ON LINE PORTFOLIO OF DIX EVANS
"Cheshire Puss," she began, rather timidly, as she did not
at all know whether it would like the name; however, it
only grinned a little wider. "Come, it's pleased so far,"
thought Alice, and she went on, " Would you tell me, please,
which way I ought to walk from here?" Lewis Carroll
|Crikey Mate, would you look at that!
|Movement Study. Circa 1926
RUDOLF KOPPITZ (1884-1936)
D.L. EVANS 2008
|Turbaned figure at the Hindu
festival of Holi
|Celtic Cross with Native American
Animals and Maize
Blue stone on a Cottonwood Base
|Translucent Alabaster investigation,
with Lynx relief in the evening sun.
Homestone with address and crow.
Also the Lawn Cat.
|Wild horses sandstone relief sculpture
|A root of herb you will eat,
At that place it stands,
A bear said this to me,
My paw is sacred,
The herbs are everywhere,
My paw is sacred,
All things are sacred.
TETON SIOUX SONG
Dix Evans pecks images from his imagination into stone. The word
petroglyph comes from two Greek words: petro, meaning rock and
glyph, meaning carving or engraving. Worldwide, ancient people
have practiced this art form for thousands of years.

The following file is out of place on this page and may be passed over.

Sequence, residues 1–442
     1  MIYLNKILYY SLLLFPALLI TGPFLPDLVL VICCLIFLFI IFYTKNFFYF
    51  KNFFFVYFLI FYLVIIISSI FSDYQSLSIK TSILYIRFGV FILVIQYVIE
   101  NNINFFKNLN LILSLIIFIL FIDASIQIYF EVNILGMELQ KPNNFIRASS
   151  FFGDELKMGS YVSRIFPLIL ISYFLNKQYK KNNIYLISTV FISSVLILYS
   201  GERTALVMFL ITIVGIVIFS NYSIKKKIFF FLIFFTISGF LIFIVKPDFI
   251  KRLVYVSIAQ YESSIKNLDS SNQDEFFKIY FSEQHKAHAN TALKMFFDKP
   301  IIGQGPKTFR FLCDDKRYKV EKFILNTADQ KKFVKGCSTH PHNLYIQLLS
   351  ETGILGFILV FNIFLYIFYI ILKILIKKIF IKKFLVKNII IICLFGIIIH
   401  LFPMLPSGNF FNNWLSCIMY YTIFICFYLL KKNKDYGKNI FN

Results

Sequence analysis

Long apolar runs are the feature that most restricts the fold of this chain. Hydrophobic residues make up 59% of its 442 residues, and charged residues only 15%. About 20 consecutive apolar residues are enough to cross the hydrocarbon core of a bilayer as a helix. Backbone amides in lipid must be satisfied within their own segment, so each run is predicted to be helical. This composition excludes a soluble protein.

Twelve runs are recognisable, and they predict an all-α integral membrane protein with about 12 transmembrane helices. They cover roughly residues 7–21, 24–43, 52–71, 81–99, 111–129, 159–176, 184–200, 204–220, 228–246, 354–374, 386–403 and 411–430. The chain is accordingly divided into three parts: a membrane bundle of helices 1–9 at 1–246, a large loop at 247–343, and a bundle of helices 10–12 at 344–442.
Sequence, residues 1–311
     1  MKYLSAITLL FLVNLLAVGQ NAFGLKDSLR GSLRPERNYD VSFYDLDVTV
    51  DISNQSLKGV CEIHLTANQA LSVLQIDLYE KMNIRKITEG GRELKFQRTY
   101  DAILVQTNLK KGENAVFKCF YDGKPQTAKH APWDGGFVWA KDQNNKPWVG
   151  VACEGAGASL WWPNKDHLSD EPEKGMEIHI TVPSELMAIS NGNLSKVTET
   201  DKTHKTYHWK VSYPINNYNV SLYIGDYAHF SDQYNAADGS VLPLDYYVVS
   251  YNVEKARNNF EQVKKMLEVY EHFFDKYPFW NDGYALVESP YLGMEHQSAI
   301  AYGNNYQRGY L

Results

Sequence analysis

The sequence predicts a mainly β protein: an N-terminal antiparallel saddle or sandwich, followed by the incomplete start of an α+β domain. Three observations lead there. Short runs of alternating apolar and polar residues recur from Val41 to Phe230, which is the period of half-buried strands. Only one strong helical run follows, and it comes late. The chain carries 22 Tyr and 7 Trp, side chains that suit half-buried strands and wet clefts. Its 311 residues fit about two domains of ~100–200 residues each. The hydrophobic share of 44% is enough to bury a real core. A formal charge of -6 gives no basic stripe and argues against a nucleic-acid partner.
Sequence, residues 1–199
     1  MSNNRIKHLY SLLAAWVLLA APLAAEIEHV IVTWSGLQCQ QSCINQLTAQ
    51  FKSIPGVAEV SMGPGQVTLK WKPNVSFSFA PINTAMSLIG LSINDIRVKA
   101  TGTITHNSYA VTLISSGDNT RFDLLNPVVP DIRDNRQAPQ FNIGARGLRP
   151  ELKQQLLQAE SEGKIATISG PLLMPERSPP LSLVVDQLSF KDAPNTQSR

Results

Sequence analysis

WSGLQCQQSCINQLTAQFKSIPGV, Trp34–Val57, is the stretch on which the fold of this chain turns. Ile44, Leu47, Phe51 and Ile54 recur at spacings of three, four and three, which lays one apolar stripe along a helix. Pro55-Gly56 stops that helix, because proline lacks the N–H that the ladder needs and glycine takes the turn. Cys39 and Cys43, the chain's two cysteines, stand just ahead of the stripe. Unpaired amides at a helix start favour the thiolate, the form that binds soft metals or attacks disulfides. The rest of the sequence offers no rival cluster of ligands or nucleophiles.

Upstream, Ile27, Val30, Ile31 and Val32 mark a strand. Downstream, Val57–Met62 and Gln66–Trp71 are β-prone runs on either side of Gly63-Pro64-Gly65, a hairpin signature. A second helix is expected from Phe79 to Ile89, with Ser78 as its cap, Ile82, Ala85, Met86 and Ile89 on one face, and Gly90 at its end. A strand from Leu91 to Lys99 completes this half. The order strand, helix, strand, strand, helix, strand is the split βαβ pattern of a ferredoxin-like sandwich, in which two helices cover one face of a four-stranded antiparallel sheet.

For the past thirty years Dix Evans has developed his art through
working in both wood and stone. Although he first experienced
rock art as a 12-year-old, he did not seriously pursue this medium
until recent years. When Dix discovered that eastern Oregon not
only has rocks covered with desert varnish but also an abundance
of ancient petroglyphs, his desire to work with stone was
rekindled. Preferring to work in stones found in the desert or
common building stones, he creates in light relief, reminiscent of
petroglyphs, in high relief and in the round.
A self-taught artist, Dix’s creations range from lifelike to
whimsical. His pieces are displayed in Oregon, Arizona, New
Mexico, Utah and Idaho. When he is not in the desert gathering
rocks, Dix spends most of his time between Yachats and Eugene,
OR. His artwork is displayed at Toad Hall, in Yachats, until the end
of the year.